Some believe that Earth is in its sixth mass extinction event. The loss of diversity observed in the modern human gut may echo similar calamities in rain forests, coral reefs and rivers around the world. As vital portions of an ecosystem go blank or missing, tidal waves of change can occur. Expansion of opportunistic lifeforms into empty niches frequently lead to disease and havoc in frail ecosystems. The hallmark of modern gut health is missing mucosal protectors and overloaded phages, fungi and other opportunists. Since ancient times, plants were the first medicine to cure pain or alleviate digestive woes or skin maladies. Indeed, their properties may be magical for the modern microbiota. Aromatic resins of trees and shrubs such as frankincense and myrrh contain fatty acids and fiber which increase abundance of beneficial gut flora while being toxic to disease-associated polluters. Human clinical trials will be discussed. Employing the ancient apothecary as tools to mend the modern microbiome will be detailed.

Presenters
avatar for Grace Liu

Grace Liu

PharmD, AFMCP
Dr. Grace Liu, PharmD is a functional medicine practitioner with an international practice specializing in consulting, nutrigenomics, functional laboratory analysis, and personalized programs for executives and athletes. She helps rebuild biomes to restore vitality. In October 2016... Read More →


Saturday August 13, 2016 9:00am - 9:40am MDT
West

9:50am MDT

Refined Foods and The Gut Microbiota – A Toxic Mix?
The benefits of low-carbohydrate diets are finally receiving appropriate attention, however it must be borne in mind that some well-studied pre-industrial populations ate high-carbohydrate ancestral diets, yet still enjoyed exemplary metabolic health. This is a presentation of the hypothesis that altered host-bacterial interactions may be a key step in the initiation of obesity and diabetes, and are brought about by replacing life-derived ancestral foods that retain evolved structural properties with dense, processed alternatives. Such microbial-initiated inflammatory changes to the neuroregulation of appetite and metabolism would be directly analogous to the aberrant host responses that produce periodontitis, and may be triggered by the same foods – flours, grains and refined sugars. Dietary fats may play a role conveying microbial changes to the immune surveillance of the small intestine. The hypothesis would explain both the benefits of diets that displace processed foods and the correlation between oral and systemic health.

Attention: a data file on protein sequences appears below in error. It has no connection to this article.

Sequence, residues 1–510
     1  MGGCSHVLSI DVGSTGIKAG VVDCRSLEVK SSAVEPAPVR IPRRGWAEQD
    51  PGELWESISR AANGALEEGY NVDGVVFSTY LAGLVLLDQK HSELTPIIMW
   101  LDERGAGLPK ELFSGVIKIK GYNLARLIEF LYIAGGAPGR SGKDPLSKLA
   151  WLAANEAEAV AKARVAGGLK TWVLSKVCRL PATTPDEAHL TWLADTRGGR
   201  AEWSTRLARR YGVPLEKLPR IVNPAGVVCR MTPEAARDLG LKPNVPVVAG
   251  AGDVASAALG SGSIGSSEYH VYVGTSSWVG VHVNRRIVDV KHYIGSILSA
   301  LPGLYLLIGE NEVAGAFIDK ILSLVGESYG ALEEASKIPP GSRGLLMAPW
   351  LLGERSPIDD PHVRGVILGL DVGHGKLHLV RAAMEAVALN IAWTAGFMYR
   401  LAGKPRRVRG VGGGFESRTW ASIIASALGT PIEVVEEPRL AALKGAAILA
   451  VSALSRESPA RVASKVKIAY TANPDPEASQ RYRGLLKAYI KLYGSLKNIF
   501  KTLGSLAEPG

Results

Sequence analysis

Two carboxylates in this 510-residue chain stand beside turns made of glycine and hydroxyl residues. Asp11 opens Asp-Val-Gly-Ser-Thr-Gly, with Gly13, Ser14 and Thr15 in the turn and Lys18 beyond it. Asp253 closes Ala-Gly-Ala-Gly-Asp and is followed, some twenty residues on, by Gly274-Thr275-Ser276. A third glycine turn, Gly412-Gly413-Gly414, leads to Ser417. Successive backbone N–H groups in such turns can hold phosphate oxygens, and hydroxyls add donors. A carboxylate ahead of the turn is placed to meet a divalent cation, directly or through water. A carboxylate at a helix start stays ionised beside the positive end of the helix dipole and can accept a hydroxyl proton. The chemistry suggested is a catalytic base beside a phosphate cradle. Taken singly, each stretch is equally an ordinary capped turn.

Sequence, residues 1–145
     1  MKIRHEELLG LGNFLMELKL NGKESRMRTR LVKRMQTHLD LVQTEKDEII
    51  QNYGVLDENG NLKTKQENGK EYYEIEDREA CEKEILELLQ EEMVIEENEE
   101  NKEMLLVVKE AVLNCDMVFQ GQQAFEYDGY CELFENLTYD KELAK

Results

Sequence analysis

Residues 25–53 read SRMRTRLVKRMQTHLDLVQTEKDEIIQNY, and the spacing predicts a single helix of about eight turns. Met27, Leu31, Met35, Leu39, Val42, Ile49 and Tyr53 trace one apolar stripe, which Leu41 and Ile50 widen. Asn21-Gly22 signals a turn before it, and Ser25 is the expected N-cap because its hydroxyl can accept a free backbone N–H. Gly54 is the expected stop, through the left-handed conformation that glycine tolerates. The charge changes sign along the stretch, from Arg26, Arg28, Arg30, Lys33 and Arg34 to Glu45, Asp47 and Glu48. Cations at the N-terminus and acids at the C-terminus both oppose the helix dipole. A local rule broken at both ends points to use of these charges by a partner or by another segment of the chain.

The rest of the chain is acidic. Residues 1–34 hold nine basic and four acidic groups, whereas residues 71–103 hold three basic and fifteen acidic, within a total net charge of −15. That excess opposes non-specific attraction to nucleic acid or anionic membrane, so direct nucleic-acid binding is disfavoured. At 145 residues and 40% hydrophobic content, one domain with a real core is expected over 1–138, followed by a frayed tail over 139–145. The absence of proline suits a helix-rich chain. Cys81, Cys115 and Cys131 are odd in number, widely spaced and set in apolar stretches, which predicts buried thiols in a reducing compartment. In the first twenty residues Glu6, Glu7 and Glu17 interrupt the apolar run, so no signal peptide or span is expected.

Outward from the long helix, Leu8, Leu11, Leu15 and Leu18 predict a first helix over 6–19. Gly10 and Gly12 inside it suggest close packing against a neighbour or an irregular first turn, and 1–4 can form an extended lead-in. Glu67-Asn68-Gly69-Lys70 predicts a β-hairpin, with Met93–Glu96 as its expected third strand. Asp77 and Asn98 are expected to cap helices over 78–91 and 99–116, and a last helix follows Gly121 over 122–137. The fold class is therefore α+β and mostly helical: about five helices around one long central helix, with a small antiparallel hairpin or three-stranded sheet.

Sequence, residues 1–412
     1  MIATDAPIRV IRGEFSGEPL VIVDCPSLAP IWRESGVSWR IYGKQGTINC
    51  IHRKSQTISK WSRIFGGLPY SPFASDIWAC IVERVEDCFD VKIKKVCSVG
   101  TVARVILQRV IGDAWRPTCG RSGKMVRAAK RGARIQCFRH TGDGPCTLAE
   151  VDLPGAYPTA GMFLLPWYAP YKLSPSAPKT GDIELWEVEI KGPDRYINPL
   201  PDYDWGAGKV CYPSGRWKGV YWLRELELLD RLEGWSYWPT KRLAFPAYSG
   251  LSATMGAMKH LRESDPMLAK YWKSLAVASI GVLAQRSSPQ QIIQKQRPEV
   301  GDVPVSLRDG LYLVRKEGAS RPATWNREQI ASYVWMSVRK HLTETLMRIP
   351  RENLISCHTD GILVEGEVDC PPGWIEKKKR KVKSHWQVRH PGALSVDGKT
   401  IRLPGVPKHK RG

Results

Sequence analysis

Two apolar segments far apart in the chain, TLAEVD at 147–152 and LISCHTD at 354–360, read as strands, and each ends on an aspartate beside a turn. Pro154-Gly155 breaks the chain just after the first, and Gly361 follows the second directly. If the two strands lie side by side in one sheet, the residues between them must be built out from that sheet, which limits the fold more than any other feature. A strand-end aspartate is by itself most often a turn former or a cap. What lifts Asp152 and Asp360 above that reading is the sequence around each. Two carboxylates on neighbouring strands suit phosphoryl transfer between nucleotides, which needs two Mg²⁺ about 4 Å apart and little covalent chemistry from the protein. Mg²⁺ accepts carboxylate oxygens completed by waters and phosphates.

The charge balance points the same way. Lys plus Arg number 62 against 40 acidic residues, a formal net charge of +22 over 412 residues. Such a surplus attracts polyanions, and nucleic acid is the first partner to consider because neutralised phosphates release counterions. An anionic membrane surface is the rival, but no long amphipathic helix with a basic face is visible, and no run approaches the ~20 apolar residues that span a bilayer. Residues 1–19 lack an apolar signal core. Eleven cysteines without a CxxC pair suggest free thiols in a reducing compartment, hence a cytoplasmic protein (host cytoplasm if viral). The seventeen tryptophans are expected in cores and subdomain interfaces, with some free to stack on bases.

Presenters
avatar for Ian Spreadbury

Ian Spreadbury

PhD
Ian Spreadbury is a Canadian neuroscientist who argues that the effects of flour, sugar and processed foods on host-microbiota interplay may be the primary cause of obesity and many western diseases. After research positions at Bristol, Oxford, Calgary and Queen's, he is currently... Read More →


Saturday August 13, 2016 9:50am - 10:30am MDT
West

10:40am MDT

Do You Really Want A Hunter Gatherer Microbiota? Pearls and Pitfalls for Your Gut Health
Clinicians have long understood the immense impact the health of your gut has on things like weight, energy, depression, autoimmunity and more. With the recent boom in microbiota research we have learned much more about this connection. Like never before we understand how we can alleviate chronic health conditions and enhance well-being through improving the health of the gut.

However, with this boom has also come over speculation and ill-informed recommendations. This is very important because todays healthcare professional or consumer could unintentionally do harm. For example did you know by replicating the microbiota of African’s we could make a westerner bloated, constipated and overweight? 

This presentation will blend academic microbiota research with clinical research on digestive health. This will provide clinically relevant and evolutionarily sound recommendations for achieving optimum well-being via improving the health of your gut.